There is the old "German house" by the bank of the Mosel, a building little altered outwardly since the fourteenth century, now used as a food-magazine for the troops. The church of St. Castor commemorates a holy hermit who lived and preached to the heathen in the eighth century, and also covers the grave and monument of the founder of the "Mouse" at Wellmich, the warlike Kuno of Falkenstein, Archbishop of Trèves. The Exchange, once a court of justice, has changed less startlingly, and its proportions are much the same as of old; and besides these there are other buildings worth noticing, tho not so old, and rather distinguished by the men who lived and died there, or were born there, such as Metternich, than by architectural beauties. Such houses there are in every old city. They do not invite you to go in and admire them; every tourist you meet does not ask you how you liked them or whether you saw them. They are homes, and sealed to you as such, but they are the shell of the real life of the country; and they have somehow a charm and a fascination that no public building or show-place can have. Goethe, who turned his life-experiences into poetry, has told us something of one such house not far from Coblenz, in the village of Ehrenbreitstein, beneath the fortress, and which in familiar Coblenz parlance goes by the name of "The Valley"—the house of Sophie de Laroche. The village is also Clement Brentano's birthplace.

The oldest of German cities, Trèves (or in German Trier), is not too far to visit on our way up the Mosel Valley, whose Celtic inhabitants of old gave the Roman legions so much trouble. But Rome ended by conquering, by means of her civilization as well as by her arms, and Augusta Trevirorum, tho claiming a far higher antiquity than Rome herself, and still bearing an inscription to that effect on the old council-house—now called the Red House and used as a hotel—became, as Ausonius condescendingly remarked, a second Rome, adorned with baths, gardens, temples, theaters and all that went to make up an imperial capital. As in Venice everything precious seems to have come from Constantinople, so in Trier most things worthy of note date from the days of the Romans; tho, to tell the truth, few of the actual buildings do, no matter how classic is their look. The style of the Empire outlived its sway, and doubtless symbolized to the inhabitants their traditions of a higher standard of civilization.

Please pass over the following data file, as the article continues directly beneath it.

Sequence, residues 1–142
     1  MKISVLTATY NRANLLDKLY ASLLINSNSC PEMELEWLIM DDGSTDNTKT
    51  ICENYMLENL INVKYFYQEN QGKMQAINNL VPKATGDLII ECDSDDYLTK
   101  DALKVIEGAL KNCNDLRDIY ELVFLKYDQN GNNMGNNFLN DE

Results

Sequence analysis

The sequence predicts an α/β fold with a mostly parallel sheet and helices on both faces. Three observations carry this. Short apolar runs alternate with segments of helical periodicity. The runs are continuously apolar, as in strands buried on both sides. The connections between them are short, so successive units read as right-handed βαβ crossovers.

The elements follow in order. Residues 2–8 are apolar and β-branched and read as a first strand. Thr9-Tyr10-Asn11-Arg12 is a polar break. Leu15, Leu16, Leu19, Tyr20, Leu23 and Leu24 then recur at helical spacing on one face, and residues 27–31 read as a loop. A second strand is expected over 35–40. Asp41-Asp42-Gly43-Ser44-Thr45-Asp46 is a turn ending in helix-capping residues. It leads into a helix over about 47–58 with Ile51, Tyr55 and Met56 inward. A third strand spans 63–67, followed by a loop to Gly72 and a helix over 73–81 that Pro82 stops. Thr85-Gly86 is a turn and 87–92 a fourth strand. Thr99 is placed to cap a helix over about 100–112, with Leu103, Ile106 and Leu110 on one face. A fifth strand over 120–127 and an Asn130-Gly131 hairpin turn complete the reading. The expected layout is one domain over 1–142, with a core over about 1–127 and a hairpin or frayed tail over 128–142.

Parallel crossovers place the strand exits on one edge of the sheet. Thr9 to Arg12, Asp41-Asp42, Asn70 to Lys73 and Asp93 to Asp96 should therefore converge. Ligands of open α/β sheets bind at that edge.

The Porta Nigra, for instance—called Simeon's Gate at present—dates really from the days of the first Merovingian kings, but it looks like a piece of the Colosseum, with its rows of arches in massive red sandstone, the stones held together by iron clamps, and its low, immensely strong double gateway, reminding one of the triumphal arches in the Forum at Rome. The history of the transformation of this gateway is curious. First a fortified city gate, standing in a correspondingly fortified wall, it became a dilapidated granary and storehouse in the Middle Ages, when one of the archbishops gave leave to Simeon, a wandering hermit from Syracuse in Sicily, to take up his abode there; and another turned it into a church dedicated to this saint, tho of this change few traces remain. Finally, it has become a national museum of antiquities. The amphitheater is a genuine Roman work, wonderfully well preserved; and genuine enough were the Roman games it has witnessed, for, if we are to believe tradition, a thousand Frankish prisoners of war were here given in one day to the wild beasts by the Emperor Constantine. Christian emperors beautified the basilica that stood where the cathedral now is, and the latter itself has some basilica-like points about it, tho, being the work of fifteen centuries, it bears the stamp of successive styles upon its face....

The Mosel has but few tributary streams of importance; its own course is as winding, as wild and as romantic as that of the Rhine itself. The most interesting part of the very varied scenery of this river is not the castles, the antique towns, the dense woods or the teeming vineyards lining rocks where a chamois could hardly stand—all this it has in common with the Rhine—but the volcanic region of the Eifel, the lakes in ancient craters, the tossed masses of lava and tufa, the great wastes strewn with dark boulders, the rifts that are called valleys and are like the Iceland gorges, the poor, starved villages and the extraordinary rusticity, not to say coarseness, of the inhabitants. This grotesque, interesting country—unique, I believe, on the continent of Europe—lies in a small triangle between the Mosel, the Belgian frontier and the Schiefer hills of the Lower Rhine; it goes by the names of the High Eifel, with the High Acht, the Kellberg and the Nurburg; the upper (Vorder) Eifel, with Gerolstein, a ruined castle, and Daun, a pretty village; and the Snow-Eifel (Schnee Eifel), contracted by the speech of the country into Schneifel.